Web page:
If Halja, my country, was the lone man left standing in a battlefield after a long and brutal war, then its future would be the spilled blood under his feet—expected, yet somehow still startling, slippery and shifting, a sacrifice for peace in a world full of demons. Real ones. Because it was here in Halja that Lucifer’s army, the Host, beat the Savior’s army in the last great battle of the Apocalypse.So, what about you? Do you like post-apocalyptic stories? If so, which are your favorites? Why do you like to read it (or watch it)? What about stories that explore the nature of good and bad and right versus wrong? Do you enjoy stories where the line between the "good guys" and the "bad guys" is more muddied than it is in our world?
And yet . . .
Life goes on pretty much the way it did before. People still get married, have babies, and pay their taxes. Many things were destroyed, but many things have been rebuilt. We have mechanized cabriolets, electro-harmonic machines, winder lifts, pots of lip gloss, and nail lacquer. We have time to do our hair. Because the Apocalypse happened over two thousand years ago. Armageddon is old news and in the days, years, centuries, and millennia since, we’ve mourned our dead, buried them, and even forgotten where their graves were.
If you're interested in more post-apocalyptic tales, check out: http://io9.com/5572283/30-post+apocalyptic-visions-of-the-21st-century. If you're Interested in reading more about the end of the world, check out: http://www.history.com/topics/the-end-of-the-world.
Thank you, Sally, for hosting me and including Dark Light of Day in The Qwillery's 2012 Debut Author Challenge!
About Dark Light of Day
Dark Light of DayA Noon Onyx Novel 1
Ace, September 25, 2012
Mass Market Paperback and eBook, 384 pages
Armageddon is over. The demons won. And yet somehow…the world has continued. Survivors worship patron demons under a draconian system of tributes and rules. These laws keep the demons from warring among themselves, the world from slipping back into chaos.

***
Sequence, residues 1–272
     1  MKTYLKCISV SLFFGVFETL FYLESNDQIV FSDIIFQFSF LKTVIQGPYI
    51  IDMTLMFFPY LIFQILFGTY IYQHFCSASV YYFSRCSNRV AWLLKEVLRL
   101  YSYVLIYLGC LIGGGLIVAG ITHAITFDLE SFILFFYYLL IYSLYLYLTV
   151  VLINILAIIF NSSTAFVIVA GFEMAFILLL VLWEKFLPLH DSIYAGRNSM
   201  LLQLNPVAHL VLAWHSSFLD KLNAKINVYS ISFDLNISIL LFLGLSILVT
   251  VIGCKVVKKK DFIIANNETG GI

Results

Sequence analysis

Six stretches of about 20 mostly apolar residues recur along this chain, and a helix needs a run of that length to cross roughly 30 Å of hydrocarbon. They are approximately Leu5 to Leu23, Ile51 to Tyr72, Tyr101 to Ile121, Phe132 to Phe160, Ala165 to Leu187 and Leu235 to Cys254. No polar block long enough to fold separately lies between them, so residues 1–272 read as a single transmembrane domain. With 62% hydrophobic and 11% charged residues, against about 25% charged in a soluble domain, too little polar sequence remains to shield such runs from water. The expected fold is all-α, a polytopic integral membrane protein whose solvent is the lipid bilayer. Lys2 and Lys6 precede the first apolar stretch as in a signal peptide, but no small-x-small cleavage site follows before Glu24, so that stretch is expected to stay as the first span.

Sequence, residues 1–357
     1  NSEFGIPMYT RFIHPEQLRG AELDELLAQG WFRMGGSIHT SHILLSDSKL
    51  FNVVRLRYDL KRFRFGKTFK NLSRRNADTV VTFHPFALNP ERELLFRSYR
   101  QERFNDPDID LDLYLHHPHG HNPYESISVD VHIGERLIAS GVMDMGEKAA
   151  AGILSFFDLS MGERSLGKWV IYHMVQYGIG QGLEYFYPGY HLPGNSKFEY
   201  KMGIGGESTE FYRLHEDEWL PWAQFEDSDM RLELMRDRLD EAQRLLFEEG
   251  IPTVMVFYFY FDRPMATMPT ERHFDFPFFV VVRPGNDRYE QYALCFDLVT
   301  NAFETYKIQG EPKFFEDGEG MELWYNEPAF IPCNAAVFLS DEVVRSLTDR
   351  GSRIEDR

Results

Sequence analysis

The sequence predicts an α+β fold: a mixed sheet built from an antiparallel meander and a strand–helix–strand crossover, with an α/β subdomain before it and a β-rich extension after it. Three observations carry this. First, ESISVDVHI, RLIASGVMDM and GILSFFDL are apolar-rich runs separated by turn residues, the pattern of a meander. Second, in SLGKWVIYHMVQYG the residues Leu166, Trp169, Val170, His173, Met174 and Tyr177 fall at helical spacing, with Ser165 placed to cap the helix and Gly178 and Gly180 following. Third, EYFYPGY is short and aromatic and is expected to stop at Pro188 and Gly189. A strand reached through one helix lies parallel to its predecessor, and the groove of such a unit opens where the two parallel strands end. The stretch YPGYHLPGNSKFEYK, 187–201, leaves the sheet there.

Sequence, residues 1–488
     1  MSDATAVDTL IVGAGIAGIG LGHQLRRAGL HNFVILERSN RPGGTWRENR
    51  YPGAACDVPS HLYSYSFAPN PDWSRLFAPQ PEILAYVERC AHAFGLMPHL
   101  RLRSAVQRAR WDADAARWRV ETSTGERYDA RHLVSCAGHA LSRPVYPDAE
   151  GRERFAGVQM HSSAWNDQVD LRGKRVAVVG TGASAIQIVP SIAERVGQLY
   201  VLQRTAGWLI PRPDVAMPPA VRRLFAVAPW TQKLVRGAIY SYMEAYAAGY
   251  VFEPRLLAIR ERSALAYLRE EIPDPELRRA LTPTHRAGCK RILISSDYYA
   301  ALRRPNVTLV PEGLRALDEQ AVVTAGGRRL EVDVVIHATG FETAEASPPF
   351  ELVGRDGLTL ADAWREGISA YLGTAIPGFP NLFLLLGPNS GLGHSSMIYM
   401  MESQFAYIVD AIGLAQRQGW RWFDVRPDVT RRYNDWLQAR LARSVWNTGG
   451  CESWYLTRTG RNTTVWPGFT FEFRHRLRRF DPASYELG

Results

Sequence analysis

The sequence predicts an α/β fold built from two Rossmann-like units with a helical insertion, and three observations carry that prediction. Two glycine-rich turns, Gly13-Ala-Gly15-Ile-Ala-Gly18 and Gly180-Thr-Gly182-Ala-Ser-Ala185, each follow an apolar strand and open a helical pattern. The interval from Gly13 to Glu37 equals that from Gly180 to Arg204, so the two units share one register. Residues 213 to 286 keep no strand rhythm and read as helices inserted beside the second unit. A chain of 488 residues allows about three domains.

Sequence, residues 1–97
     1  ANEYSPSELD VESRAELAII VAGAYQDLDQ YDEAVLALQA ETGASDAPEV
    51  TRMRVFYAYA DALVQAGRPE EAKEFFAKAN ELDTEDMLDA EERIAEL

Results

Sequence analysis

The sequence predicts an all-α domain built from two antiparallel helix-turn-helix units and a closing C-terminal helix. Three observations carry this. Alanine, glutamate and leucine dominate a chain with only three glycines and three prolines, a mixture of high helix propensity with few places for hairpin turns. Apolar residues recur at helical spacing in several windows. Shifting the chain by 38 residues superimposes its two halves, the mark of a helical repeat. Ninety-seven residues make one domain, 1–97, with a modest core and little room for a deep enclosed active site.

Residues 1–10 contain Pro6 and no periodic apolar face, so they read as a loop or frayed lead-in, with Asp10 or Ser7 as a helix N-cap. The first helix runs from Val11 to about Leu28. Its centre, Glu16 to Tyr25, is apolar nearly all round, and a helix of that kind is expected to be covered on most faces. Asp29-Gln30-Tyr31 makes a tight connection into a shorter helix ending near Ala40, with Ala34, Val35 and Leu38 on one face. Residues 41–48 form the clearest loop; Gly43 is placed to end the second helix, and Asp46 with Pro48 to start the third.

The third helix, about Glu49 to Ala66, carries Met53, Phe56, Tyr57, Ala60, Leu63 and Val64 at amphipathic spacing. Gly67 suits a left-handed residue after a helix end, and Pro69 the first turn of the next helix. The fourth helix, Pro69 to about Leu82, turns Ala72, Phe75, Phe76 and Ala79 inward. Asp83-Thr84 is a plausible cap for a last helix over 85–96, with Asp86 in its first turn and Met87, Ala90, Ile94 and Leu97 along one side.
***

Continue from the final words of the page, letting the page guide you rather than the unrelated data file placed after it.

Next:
Noon Onyx grew up on the banks of the river Lethe, daughter of a prominent politician, and a descendant of Lucifer’s warlords. Noon has a secret—she was born with waning magic, the dark, destructive, fiery power that is used to control demons and maintain the delicate peace among them. But a woman with waning magic is unheard of and some will consider her an abomination.
Noon is summoned to attend St. Lucifer’s, a school of demon law. She must decide whether to declare her powers there…or attempt to continue hiding them, knowing the price for doing so may be death. And once she meets the forbiddingly powerful Ari Carmine—who suspects Noon is harboring magic as deadly as his own—Noon realizes there may be more at stake than just her life.
Jill now lives in rural Maryland with her two children and husband, who is a recreational pilot. Weekends are often spent flying around in the family’s small Cessna, visiting tiny un-towered airfields and other local points of interest.
What: One commenter will win a copy of the Ace/Roc 2012 Science Fiction and Fantasy Sampler from Jill.
How: Leave a comment answering Jill's questions:
Do you like post-apocalyptic stories? If so, which are your favorites? Why do you like to read it (or watch it)? What about stories that explore the nature of good and bad and right versus wrong? Do you enjoy stories where the line between the "good guys" and the "bad guys" is more muddied than it is in our world?Please remember - if you don't answer the questions your entry will not be counted.
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Who and When: The contest is open to all humans on the planet earth with a mailing address. Contest ends at 11:59pm US Eastern Time on Friday, September 7, 2012. Void where prohibited by law. No purchase necessary. You must be 18 years old or older to enter.
*Giveaway rules are subject to change.